Data Transparency: Retailer’s new competitive advantage
It’s been said that “Data is gold” in the retail industry. Back in 2017, The Economist published a story titled, “The world’s most valuable resource is no longer oil, but data.” Whatever value data represents in retailers’ quest for innovation in marketing, customer experience and product development, the data belongs to the consumer. Privacy regulations are informing consumers that their data is valuable, and data collectors should view consumer data as “gold with consent”.
Retailers and Emerging Data Privacy Regulations
The biggest impact for retailers is that new regulations directly affect virtually all business functions and their respective investments. From MarTech/AdTech to customer experience, troubleshooting, and ecommerce – specific departments will need their own respective data strategies, communicate between these departments, and ensure they comply with each jurisdiction they do business in. Hiring a Chief Privacy Officer and a privacy department is beneficial but establishing an ethical data collection practice (Privacy by Design and Consent Management), responding to consumer requests in a timely manner (DSRs), and maintaining data usage transparency (Privacy Policies) will need to be woven into the very fabric of organizations.
Retailers use consumer data to benefit customers
Retailers utilize consumer data to administer loyalty programs and provide other consumer benefit programs. Retailers are concerned with privacy regulations effecting strong customer relationships.
However, relationships will be strengthened with data privacy programs:
- When consumers are in a “shopping mindset” there is a contextual advertising opportunity.
- Superior first-party shopper data which allow advertisers to be as relevant and timely as possible. Not only does this mean more effectiveness in terms of conversions, but also more efficiency in terms of advertising dollars and ROI.
- Without third-party cookies, it offers advertisers viable reach, targeting and retargeting opportunities, wherever customers prefer to engage online or offline.
- It offers a stronger link between advertising and its outcomes and allows brands to build more performance-based campaigns and budgets.
Meeting the Data Privacy Challenges
Put the customer in control
Large data sets are great, but what if data collected for campaigns and experience is from your top customers? Allow customers to customize their experience as their expectations and needs change. Customers opting out aren’t looking for deals, savings, or points. Opting out in of itself is an important consumer metric.
Tools that regulators are requiring organizations to have will also become powerful tools for retail marketing strategies:
- Do Not Sell My Personal Information link in the footer
- Opt-Out of collection in a pop up
- Global Privacy Controls enabled
- Granular Preference Forms
- Data Subject Request Forms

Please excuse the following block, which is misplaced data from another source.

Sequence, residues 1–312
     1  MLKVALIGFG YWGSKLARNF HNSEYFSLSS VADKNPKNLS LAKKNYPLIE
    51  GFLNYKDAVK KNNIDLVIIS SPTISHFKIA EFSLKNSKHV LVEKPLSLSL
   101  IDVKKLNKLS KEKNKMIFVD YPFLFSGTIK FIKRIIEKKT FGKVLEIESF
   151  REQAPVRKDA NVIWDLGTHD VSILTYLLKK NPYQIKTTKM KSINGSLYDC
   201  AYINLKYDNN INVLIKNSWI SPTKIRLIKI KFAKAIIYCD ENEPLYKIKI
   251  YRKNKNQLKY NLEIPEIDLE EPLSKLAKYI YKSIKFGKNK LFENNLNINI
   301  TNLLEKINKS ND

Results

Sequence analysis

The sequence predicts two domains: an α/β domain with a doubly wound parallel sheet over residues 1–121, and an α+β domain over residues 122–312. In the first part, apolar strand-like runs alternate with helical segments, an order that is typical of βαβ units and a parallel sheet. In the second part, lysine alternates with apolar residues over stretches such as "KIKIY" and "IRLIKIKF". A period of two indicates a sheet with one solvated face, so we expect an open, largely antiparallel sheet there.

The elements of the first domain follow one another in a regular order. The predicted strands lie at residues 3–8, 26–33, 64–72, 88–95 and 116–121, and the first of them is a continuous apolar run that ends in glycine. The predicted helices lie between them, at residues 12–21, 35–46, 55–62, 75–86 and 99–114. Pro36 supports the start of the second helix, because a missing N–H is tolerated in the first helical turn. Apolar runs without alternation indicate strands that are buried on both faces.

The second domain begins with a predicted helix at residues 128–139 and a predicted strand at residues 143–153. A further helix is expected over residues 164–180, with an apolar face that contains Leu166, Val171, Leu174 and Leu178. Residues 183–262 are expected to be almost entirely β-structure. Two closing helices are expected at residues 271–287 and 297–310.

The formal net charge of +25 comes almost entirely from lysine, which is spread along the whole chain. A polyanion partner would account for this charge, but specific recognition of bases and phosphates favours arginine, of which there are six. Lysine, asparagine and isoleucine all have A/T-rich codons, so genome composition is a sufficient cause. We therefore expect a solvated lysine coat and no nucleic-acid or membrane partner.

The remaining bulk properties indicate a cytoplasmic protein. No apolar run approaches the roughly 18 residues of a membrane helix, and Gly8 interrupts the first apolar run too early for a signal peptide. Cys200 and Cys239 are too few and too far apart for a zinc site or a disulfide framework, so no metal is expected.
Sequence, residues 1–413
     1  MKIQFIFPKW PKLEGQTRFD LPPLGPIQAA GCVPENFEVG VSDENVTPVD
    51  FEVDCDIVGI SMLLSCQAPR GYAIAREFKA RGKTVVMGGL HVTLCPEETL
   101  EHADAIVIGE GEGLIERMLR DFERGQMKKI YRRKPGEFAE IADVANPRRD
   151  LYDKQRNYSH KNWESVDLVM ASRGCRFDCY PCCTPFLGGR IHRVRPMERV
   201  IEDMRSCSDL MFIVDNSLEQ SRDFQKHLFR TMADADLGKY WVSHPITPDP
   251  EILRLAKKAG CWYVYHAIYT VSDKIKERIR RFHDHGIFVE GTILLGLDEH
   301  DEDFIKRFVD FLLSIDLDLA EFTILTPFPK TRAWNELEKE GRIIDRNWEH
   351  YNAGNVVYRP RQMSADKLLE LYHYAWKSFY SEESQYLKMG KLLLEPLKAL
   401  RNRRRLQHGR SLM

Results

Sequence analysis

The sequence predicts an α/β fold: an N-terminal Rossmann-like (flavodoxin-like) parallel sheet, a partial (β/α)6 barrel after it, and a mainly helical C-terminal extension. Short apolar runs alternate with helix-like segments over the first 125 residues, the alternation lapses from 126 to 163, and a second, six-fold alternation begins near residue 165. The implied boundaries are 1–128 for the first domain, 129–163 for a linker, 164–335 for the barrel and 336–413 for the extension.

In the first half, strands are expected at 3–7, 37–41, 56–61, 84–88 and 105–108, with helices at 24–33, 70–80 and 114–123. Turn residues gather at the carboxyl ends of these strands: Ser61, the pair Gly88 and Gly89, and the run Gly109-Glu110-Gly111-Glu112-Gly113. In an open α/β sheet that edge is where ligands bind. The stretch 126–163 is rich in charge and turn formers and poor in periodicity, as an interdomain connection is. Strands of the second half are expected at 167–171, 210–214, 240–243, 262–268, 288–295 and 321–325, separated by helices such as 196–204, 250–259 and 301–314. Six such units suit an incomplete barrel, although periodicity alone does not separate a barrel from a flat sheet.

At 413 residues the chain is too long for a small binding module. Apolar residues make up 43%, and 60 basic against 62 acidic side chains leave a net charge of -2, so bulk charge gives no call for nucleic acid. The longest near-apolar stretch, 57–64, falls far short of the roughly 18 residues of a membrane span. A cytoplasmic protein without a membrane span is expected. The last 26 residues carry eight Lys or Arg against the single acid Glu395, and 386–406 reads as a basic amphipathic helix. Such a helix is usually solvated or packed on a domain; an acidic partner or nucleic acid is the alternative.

Be mindful of consumer’s personal information
Marketing departments are asking consumers to disclose excessive amounts of personal information. State Attorney Generals and privacy regulators are mindful of this.
According to the CCPA: Personal information is information that identifies, relates to, or could reasonably be linked with you or your household. For example, it could include your name, social security number, email address, records of products purchased, internet browsing history, geolocation data, fingerprints, and inferences from other personal information that could create a profile about your preferences and characteristics.
Some categories of personal information are classified as sensitive personal information.
Create a clear value exchange
Don’t be afraid of cookie compliance, preference controls, and consumer consent, because in order to do business in certain states and countries, you must comply. This creates an opportunity to explain the consumer value exchange of data for better targeted advertising.
Get started immediately to see how easy it is to get value with data governance.
Communicate with consumers clearly and frequently
It is legally required for businesses to communicate their practices for data collection, sharing, first party and third-party usage, and violating these laws puts companies at risk. Communicating with customers about using data to create a better experience is simply a good practice, creating a retailer to consumer (B2C) trust experience.
Forward-thinking retailers with confidence-building at their core will seize the opportunity to define transparent, consumer-centric privacy standards. Don’t just comply, thrive.
6 critical and manageable elements for dynamic privacy with scalability:
1. Customers should have reasonable control, access, correction, and deletion rights of their personal information.
3. Accountability for all departments and third parties. Every sector within the data ecosystem should have a duty to its data subjects.
4. Risk-based approach to privacy is essential.
5. Incentives for Good Faith Actors. Be transparent and sincere in one’s business dealings and without a desire to defraud, deceive, take advantage of or in any way act maliciously towards consumers.
6. Strong and Fair Enforcement. Retailers should actively support fair, consistent, and equitable enforcement of privacy laws by the Federal Trade Commission and State Attorneys General.
Technology for the retail competitive advantage
Clarip’s Data Privacy Governance Platform ensures compliance with all consumer privacy regulations, including “Do Not Sell”. Allow customers to submit, revoke and update granular consent with Clarip Consent Management.
Click here to learn more about our Preference and Consent Management Platform! Clarip takes enterprise privacy governance to the next level and helps organizations reduce risks, engage better, and gain customers’ trust! Contact us at www.clarip.com or call Clarip at 1-888-252-5653 for a demo.